In her 1984 biography of Wilfrid Israel, Naomi Shepherd wrote: “In almost all books he enters without introduction and leaves without explanation.”
Israel was an Anglo-German Jewish businessman and philanthropist, responsible for helping to save thousands of lives from Nazi persecution. Yet, unlike others, he has remained a mysterious and elusive character in the history of the Holocaust.
He was born in London on 11 July 1899 as the first son of Amy and Berthold Israel.
The family were wealthy, and lived with Wilfrid’s two younger siblings in Berlin, where his father owned and directed the well-known department store N. Israel. In the 1920s, after travelling as a young man, Israel started work at the family business as personnel manager of the 2,000 staff.
The business provided him with a base for his relief work, and a circle of prominent contacts.
Following the Nazi rise to power, Israel repeatedly came to the aid of his employees and friends who found themselves victims of Nazi terror. Within five months of Hitler being appointed Chancellor in January 1933, he had been arrested three times.
The third arrest in June 1933 came as Israel was meeting others to formulate welfare plans for young unemployed Jews in the provinces. The Nazi Party’s paramilitary force, the SA, stormed into the meeting and herded the men into trucks.
The group were then abused and beaten. A friend who had witnessed their arrest hurried to Alfred Wiener, who would later found The Wiener Library.
He alerted the state police and eventually secured the group’s release the following morning. While this was a terrifying experience for Israel, the event did not deter him from continuing his work.
Five years later and 80 years ago this week, on 9-10 November 1938, the Nazis and their supporters broke into Jewish businesses, destroyed their property, burnt down synagogues, imprisoned more than 25,000 men and killed some 100 people, the event that later became known as Kristallnacht.
On 10 November, Israel’s store – after initially avoiding damage the evening before – was ransacked. SS guards rounded up the Jewish employees as other Nazis shattered display cases, slashed paintings and threw typewriters out of the windows.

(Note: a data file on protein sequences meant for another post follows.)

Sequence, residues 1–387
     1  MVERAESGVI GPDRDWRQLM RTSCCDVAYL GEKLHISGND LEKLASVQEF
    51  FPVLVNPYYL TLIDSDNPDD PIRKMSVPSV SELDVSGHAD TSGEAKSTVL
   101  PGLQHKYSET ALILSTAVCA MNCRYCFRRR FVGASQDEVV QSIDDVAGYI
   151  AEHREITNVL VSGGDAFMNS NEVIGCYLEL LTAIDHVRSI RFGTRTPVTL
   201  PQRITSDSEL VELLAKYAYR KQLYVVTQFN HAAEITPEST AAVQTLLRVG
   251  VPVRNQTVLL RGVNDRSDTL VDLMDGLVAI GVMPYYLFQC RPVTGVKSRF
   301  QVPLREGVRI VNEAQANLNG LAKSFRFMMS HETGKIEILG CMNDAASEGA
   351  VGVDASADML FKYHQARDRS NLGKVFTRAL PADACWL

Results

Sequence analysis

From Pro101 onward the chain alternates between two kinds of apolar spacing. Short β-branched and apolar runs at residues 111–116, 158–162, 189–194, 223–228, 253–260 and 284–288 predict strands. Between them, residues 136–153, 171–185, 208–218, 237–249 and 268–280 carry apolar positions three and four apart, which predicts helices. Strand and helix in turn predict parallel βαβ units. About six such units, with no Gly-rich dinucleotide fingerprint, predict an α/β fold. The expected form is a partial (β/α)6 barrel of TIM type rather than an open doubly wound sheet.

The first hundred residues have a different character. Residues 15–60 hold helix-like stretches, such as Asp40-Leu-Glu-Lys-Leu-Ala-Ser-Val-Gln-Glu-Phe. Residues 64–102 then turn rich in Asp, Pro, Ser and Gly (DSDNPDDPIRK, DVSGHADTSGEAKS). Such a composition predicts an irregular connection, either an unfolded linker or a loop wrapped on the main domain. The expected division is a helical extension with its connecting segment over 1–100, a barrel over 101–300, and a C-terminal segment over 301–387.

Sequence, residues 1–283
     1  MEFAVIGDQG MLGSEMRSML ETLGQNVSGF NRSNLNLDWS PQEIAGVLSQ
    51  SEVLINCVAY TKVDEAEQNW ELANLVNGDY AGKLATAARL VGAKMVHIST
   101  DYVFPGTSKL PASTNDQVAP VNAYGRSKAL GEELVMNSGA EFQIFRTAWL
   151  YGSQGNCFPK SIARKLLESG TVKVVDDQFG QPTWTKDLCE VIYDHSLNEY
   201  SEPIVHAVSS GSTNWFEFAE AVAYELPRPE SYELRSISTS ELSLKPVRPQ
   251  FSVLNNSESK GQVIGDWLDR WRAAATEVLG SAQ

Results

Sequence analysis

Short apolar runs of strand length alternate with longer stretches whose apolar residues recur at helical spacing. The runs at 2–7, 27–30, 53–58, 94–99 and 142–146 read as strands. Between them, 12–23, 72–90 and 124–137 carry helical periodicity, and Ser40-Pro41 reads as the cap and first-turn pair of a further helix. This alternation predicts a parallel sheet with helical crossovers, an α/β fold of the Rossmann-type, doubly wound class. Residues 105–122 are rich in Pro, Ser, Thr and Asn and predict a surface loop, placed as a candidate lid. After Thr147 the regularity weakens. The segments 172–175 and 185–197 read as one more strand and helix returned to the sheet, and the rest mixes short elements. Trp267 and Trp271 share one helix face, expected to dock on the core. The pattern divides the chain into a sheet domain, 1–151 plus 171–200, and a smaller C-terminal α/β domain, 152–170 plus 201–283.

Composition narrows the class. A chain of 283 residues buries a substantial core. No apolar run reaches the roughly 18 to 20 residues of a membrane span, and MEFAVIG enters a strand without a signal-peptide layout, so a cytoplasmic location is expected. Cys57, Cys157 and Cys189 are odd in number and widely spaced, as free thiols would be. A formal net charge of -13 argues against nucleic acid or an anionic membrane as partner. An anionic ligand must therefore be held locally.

Word soon reached Israel, who immediately focused on gathering a list of the staff taken to Sachsenhausen concentration camp.
He used his contacts to contact the Nazi camp commander, Hermann Baranowski, and negotiate their release. After a promise of unlimited credit at the Israel store, the staff were freed.
Following the release, Israel again used his position, contacts and wealth to help the firm’s remaining 200 Jewish employees to emigrate, giving them two years’ salary in cash and securing many of them jobs abroad. This undoubtedly saved their lives.
Yet despite being constantly followed by the Gestapo and having his business ‘Aryanised’, Israel did not emigrate until shortly before the outbreak of the Second World War, continuing with his mission to save as many of Germany’s Jews as possible after he left by means including lobbying key players abroad such as Herbert Samuel in Britain to organise Jewish aid.
Israel finally left Berlin on 15 May 1939 for London. Before his departure, he played a central role in organising the Kindertransport and other rescue schemes for those already in the camps.
In Britain, he worked first for Bloomsbury House, an organisation dealing with German Jewish refugees, and then the Foreign Office.
He died on 1 June 1943 when his flight was shot down by a Luftwaffe fighter while he was returning from Lisbon, where had been on a mission for the Jewish Agency for Palestine arranging entry certificates for refugees.
Israel worked relentlessly to save those being persecuted by the Nazis, yet his contribution remains largely unacknowledged.
His fascinating life and selfless actions remind us of the importance of principle and bravery in our own troubling landscape today.
A copy of Wilfrid Israel, German Jewry’s Secret Ambassador by Naomi Shepherd (George Weidenfeld and Nicolson Limited, 1984), can be found at The Wiener Library